Saturday, October 24, 2009

Your Handgun Is Always Somewhere

All handgun owners have the responsibility of knowing where their handguns are located at all times. By itself, a handgun poses no threat to the safety or welfare to other people and property. A handgun is neither good nor bad. However, in the wrong hands a handgun can be utilized negatively with dire circumstances. Each and every second of the day, your handgun is somewhere and you need to know exactly where that location is. If handguns are properly controlled and policed by their owners, no unintended incidents can occur.

Always Keep Unused Guns Unloaded
A fundamental rule of gun safety states that all guns "not in use" should be unloaded and properly secured. A firearm that is "not in use" is a NOT a firearm that is being actively used for personal protection. In contrast, Personal Protection handguns that are "in use" should ALWAYS be loaded so that they may be called upon to be used as a tool of last resort during an attack by an assailant.

For example, I own a .22LR caliber handgun that I use to show students in my Personal Protection Classes what a revolver looks like. Obviously, I do not use this firearm for personal protection because it is not of a suitable caliber for self-defense (i.e. 9mm or higher). However, it is a great visual aid for instructional purposes.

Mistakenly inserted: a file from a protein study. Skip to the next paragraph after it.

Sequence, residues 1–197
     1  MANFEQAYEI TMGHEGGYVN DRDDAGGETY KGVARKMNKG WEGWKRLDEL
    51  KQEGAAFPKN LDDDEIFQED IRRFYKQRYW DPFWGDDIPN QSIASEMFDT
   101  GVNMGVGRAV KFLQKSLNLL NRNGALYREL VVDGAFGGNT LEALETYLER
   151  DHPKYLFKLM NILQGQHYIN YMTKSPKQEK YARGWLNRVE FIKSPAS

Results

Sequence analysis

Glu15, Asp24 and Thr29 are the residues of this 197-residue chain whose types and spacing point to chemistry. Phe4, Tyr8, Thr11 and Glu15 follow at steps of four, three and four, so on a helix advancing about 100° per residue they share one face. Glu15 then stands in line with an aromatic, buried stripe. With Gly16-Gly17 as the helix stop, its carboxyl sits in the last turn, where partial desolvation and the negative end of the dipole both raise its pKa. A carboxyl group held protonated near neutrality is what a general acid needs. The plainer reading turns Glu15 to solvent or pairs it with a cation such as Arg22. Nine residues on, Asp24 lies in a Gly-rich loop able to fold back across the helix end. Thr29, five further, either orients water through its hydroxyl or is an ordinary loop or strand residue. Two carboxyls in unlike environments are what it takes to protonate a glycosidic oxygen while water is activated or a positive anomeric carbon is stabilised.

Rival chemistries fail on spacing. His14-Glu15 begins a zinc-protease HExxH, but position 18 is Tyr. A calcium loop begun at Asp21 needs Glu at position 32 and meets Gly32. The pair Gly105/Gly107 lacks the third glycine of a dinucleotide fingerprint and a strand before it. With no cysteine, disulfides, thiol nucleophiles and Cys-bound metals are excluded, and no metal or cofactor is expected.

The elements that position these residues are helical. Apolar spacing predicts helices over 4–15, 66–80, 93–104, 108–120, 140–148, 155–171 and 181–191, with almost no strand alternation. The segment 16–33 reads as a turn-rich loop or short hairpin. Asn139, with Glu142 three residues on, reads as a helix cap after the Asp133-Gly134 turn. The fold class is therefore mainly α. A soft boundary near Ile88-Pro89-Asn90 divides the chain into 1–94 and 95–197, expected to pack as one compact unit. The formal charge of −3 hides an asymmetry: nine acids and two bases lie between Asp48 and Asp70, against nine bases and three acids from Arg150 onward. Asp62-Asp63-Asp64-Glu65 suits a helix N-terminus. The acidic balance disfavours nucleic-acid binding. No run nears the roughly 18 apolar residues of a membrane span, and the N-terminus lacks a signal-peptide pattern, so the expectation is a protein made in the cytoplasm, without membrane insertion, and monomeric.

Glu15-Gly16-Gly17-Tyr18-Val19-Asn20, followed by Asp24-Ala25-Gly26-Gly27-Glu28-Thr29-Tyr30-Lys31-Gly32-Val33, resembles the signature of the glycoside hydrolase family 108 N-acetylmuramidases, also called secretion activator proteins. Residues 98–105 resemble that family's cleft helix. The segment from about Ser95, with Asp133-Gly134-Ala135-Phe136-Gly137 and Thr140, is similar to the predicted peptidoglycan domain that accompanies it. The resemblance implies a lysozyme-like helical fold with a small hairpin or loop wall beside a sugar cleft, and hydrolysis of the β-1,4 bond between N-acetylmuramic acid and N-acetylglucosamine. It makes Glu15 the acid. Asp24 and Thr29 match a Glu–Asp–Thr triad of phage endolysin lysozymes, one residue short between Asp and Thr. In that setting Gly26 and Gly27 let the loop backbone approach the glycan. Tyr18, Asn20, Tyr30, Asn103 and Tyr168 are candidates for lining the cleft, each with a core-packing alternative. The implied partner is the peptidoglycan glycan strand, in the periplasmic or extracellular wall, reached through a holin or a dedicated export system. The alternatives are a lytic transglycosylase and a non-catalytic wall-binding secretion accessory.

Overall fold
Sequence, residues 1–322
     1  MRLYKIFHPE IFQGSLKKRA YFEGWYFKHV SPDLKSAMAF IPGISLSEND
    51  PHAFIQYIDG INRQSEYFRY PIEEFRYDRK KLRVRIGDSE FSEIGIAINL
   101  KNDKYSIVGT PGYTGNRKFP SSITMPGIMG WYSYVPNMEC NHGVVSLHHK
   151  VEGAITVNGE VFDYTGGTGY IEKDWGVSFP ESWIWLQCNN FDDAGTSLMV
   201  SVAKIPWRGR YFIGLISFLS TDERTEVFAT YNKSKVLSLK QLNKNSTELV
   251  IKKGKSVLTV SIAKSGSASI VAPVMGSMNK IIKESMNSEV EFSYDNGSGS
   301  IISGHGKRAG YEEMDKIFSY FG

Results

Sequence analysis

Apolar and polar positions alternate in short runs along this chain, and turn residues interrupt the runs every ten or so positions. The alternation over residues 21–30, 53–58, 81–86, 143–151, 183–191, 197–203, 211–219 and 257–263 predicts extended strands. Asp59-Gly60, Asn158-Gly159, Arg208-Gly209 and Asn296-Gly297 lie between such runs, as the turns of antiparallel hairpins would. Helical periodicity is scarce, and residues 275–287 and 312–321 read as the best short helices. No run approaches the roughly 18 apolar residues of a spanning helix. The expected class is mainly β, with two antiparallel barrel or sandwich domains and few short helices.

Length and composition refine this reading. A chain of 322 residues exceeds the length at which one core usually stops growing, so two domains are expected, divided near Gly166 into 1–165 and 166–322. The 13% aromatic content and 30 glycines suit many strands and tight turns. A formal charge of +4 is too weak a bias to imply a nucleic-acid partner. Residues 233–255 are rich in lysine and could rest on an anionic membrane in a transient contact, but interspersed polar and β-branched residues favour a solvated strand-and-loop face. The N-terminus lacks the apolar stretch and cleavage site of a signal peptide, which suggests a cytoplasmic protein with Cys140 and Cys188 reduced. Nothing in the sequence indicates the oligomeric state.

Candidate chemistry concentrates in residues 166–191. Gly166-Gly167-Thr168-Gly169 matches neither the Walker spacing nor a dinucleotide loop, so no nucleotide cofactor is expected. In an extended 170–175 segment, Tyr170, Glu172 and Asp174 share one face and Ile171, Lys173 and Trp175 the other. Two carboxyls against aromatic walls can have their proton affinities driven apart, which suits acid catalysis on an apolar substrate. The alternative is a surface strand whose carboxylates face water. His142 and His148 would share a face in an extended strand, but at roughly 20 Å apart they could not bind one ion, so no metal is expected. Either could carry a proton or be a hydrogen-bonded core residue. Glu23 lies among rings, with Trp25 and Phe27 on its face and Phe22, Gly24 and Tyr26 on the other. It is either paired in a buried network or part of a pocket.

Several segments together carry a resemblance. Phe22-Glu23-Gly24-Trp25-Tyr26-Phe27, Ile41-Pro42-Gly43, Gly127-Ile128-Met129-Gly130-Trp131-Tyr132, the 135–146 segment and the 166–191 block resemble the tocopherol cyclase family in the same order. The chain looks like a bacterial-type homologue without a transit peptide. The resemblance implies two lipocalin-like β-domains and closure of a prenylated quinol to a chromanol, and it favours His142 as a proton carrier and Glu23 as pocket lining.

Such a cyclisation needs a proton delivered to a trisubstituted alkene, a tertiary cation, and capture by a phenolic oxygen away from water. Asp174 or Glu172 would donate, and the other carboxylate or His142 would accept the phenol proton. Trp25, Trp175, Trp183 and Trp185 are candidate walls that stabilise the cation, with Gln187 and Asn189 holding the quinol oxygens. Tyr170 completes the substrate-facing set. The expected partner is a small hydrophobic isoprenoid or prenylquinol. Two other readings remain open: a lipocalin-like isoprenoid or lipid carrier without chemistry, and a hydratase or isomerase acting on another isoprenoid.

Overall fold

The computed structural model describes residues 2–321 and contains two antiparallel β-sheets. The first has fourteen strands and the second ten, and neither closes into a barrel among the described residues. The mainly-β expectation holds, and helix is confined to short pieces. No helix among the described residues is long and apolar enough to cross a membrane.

Thus, when I am not teaching a Personal Protection Class this handgun is NOT in use for defensive usage. Accordingly, I ensure that it is unloaded, separated from ammunition, encased in a locked gun box, and stored away in a hidden location. If someone should happen to "find" my firearm, it is not immediately available for use until the requisite time to unlock the case, find ammo, and load it has passed.

Furthermore, handguns that are NOT in use for personal protection are firearms that a owner would not try to gain access to and use during an attack. These "not in use" firearms should also be safely secured and stored.

Handguns "In Use" Should Be Loaded
If a handgun is actively being used for personal protection, it should be loaded and ready for use against an attack. An unloaded handgun is of no practical value when a bad guy has broken into your house and seeks to rape, rob, or terrorize the inhabitants. A homeowner under these circumstances should not waste valuable time trying to find his gun, find his ammunition, and then load his "in use" firearm.

Having a handgun "in use" requires that a responsible gun owner knows where his handgun is located at all times. For one, if it is quickly needed he needs to know where it is located so it can be accessed and used. A home invasion is not the opportune time to try to remember where your "in use" firearm is located.

Handguns "In Use" Must Be Inaccessible To Unauthorized Users
An actively used firearm's location needs to be known at all times so that unauthorized users can be kept away from it. It is not possible to effectively keep unauthorized users from your "in use" handgun if you do not exactly know where it is currently resting.